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The Boston Colloquium

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Softcover ISBN: 978-0-8218-4588-2
Product Code: COLL/1
List Price: $52.00 MAA Member Price:$46.80
AMS Member Price: $41.60 Electronic ISBN: 978-1-4704-3151-8 Product Code: COLL/1.E List Price:$49.00
MAA Member Price: $44.10 AMS Member Price:$39.20
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List Price: $78.00 MAA Member Price:$70.20
AMS Member Price: $62.40 Click above image for expanded view The Boston Colloquium Available Formats:  Softcover ISBN: 978-0-8218-4588-2 Product Code: COLL/1  List Price:$52.00 MAA Member Price: $46.80 AMS Member Price:$41.60
 Electronic ISBN: 978-1-4704-3151-8 Product Code: COLL/1.E
 List Price: $49.00 MAA Member Price:$44.10 AMS Member Price: $39.20 Bundle Print and Electronic Formats and Save! This product is available for purchase as a bundle. Purchasing as a bundle enables you to save on the electronic version.  List Price:$78.00 MAA Member Price: $70.20 AMS Member Price:$62.40
• Book Details

Colloquium Publications
Volume: 11905; 188 pp
MSC: Primary 00; Secondary 14; 53; 40;

The 1903 colloquium of the American Mathematical Society was held as part of the summer meeting that took place in Boston. Three sets of lectures were presented: Linear Systems of Curves on Algebraic Surfaces, by H. S. White, Forms of Non-Euclidean Space, by F. S. Woods, and Selected Topics in the Theory of Divergent Series and of Continued Fractions, by Edward B. Van Vleck.

White's lectures are devoted to the theory of systems of curves on an algebraic surface, with particular reference to properties that are invariant under birational transformations and the kinds of surfaces that admit given systems.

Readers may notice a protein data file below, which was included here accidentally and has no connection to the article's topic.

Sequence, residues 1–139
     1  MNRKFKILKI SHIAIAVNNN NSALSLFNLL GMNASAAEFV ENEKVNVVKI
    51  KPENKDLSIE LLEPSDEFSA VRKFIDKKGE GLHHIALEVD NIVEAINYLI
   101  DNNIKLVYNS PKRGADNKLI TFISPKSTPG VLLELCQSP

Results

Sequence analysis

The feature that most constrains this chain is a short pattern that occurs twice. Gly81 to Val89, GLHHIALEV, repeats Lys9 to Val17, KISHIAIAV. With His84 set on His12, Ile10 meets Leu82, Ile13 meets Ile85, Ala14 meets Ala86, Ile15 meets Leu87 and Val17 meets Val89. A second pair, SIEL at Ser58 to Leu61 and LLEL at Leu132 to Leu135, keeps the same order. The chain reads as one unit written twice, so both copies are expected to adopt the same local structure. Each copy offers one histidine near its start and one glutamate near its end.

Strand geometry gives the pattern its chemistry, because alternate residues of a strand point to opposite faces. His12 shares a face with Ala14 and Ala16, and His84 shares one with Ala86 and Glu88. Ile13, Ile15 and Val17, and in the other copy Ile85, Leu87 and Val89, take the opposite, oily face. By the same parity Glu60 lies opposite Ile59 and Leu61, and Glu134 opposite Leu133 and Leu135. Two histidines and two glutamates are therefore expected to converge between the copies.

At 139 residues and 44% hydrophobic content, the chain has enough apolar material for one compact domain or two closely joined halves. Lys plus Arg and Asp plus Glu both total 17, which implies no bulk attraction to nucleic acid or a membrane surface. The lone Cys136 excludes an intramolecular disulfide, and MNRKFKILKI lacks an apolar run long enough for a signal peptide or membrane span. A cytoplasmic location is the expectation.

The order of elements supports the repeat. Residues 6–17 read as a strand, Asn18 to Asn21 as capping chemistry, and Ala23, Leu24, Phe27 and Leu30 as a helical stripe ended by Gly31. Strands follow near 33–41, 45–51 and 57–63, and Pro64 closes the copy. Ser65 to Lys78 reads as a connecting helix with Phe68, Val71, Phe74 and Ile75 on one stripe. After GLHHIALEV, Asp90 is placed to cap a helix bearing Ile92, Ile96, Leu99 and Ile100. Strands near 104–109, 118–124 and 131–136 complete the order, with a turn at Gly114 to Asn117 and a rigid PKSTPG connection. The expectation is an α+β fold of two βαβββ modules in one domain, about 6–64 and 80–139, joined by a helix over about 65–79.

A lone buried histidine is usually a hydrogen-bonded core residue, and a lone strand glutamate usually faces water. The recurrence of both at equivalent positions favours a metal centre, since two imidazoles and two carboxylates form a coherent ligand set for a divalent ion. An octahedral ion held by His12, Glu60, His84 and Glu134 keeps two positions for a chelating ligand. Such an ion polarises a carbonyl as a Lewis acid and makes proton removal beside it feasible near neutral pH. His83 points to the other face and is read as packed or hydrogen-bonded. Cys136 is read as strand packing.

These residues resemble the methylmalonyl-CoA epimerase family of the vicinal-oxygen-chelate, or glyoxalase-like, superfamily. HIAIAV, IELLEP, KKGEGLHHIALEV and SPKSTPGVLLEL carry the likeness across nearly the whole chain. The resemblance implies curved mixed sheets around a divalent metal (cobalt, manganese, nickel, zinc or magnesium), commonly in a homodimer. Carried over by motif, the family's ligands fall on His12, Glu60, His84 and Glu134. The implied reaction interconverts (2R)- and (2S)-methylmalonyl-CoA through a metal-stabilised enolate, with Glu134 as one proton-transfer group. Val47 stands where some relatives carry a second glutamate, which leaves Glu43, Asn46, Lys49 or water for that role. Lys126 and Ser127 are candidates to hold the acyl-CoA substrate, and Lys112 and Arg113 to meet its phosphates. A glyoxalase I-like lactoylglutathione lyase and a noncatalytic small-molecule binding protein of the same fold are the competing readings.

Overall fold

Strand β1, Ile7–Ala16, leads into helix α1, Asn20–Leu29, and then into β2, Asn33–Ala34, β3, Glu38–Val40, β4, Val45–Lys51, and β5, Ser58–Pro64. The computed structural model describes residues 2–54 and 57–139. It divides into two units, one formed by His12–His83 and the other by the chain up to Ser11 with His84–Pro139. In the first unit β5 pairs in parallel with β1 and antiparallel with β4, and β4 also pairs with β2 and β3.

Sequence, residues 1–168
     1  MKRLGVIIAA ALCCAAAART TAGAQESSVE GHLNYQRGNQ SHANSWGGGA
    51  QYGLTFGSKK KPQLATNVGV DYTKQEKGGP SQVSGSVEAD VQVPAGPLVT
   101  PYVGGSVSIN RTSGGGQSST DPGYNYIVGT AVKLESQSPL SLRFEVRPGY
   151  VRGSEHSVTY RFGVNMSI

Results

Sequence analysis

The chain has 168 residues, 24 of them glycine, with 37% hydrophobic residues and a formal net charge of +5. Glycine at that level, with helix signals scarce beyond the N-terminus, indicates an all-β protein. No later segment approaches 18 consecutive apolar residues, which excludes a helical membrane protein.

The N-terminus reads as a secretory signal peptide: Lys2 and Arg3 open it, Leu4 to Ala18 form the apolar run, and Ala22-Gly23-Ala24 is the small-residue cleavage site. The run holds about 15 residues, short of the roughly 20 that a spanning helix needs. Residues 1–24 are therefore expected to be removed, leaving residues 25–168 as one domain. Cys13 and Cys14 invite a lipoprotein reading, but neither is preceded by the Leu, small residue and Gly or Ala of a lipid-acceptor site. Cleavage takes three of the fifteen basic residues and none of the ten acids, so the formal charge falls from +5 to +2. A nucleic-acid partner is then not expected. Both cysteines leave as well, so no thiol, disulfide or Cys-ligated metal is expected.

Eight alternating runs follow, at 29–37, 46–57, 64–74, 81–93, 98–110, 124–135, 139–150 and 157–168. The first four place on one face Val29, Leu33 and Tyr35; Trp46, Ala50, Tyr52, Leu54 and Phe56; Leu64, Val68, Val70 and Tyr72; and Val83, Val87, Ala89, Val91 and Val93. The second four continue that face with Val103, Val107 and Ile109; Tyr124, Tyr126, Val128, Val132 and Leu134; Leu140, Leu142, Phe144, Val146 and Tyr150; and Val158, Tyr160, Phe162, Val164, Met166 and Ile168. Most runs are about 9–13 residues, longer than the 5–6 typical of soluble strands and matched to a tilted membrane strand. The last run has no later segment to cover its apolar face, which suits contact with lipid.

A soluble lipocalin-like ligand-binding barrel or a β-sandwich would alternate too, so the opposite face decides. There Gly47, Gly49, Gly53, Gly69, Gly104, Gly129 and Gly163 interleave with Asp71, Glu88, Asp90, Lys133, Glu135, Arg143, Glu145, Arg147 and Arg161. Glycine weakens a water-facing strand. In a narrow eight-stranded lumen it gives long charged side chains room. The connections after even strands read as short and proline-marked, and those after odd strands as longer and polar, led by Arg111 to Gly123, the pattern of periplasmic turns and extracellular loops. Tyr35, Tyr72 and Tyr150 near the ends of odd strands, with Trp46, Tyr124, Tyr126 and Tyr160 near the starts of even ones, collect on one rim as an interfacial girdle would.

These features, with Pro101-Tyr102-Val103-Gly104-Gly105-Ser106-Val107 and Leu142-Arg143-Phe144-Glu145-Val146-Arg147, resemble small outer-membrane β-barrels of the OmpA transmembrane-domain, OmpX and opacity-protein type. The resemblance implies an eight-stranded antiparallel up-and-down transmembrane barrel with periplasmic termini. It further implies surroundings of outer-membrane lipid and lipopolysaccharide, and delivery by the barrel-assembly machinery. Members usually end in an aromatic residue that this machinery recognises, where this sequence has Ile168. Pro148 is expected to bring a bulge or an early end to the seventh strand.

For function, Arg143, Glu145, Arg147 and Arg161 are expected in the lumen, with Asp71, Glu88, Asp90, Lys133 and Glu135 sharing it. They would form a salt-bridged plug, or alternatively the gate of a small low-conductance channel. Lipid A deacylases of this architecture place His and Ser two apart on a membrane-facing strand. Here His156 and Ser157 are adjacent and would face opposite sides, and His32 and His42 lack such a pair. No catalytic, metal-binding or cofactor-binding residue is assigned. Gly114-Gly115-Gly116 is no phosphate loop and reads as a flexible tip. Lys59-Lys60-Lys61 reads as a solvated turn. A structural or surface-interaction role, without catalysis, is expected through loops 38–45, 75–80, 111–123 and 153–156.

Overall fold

Woods' lectures deal with the problem of the classification of three-dimensional Riemannian spaces of constant curvature. The author presents and discusses Riemann postulates characterizing manifolds of constant curvature, and explains in detail the results of Clifford, Klein, and Killing devoted to the local and global classification problems.

The subject of Van Vleck's lectures is the theory of divergent series. The author presents results of Poincaré, Stieltjes, E. Borel, and others about the foundations of this theory. In particular, he shows "how to determine the conditions under which a divergent series may be manipulated as the analytic representative of an unknown function, to develop the properties of the function, and to formulate methods of deriving a function uniquely from the series." In the concluding portion of these lectures, some results about continuous fractions of algebraic functions are presented.

Graduate students and research mathematicians interested in analysis.

• Chapters
• Linear systems of curves on algebraic surfaces
• Forms of non-Euclidean space
• Selected topics in the theory of divergent series and of continued fractions
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Volume: 11905; 188 pp
MSC: Primary 00; Secondary 14; 53; 40;

The 1903 colloquium of the American Mathematical Society was held as part of the summer meeting that took place in Boston. Three sets of lectures were presented: Linear Systems of Curves on Algebraic Surfaces, by H. S. White, Forms of Non-Euclidean Space, by F. S. Woods, and Selected Topics in the Theory of Divergent Series and of Continued Fractions, by Edward B. Van Vleck.

White's lectures are devoted to the theory of systems of curves on an algebraic surface, with particular reference to properties that are invariant under birational transformations and the kinds of surfaces that admit given systems.

Woods' lectures deal with the problem of the classification of three-dimensional Riemannian spaces of constant curvature. The author presents and discusses Riemann postulates characterizing manifolds of constant curvature, and explains in detail the results of Clifford, Klein, and Killing devoted to the local and global classification problems.

The subject of Van Vleck's lectures is the theory of divergent series. The author presents results of Poincaré, Stieltjes, E. Borel, and others about the foundations of this theory. In particular, he shows "how to determine the conditions under which a divergent series may be manipulated as the analytic representative of an unknown function, to develop the properties of the function, and to formulate methods of deriving a function uniquely from the series." In the concluding portion of these lectures, some results about continuous fractions of algebraic functions are presented.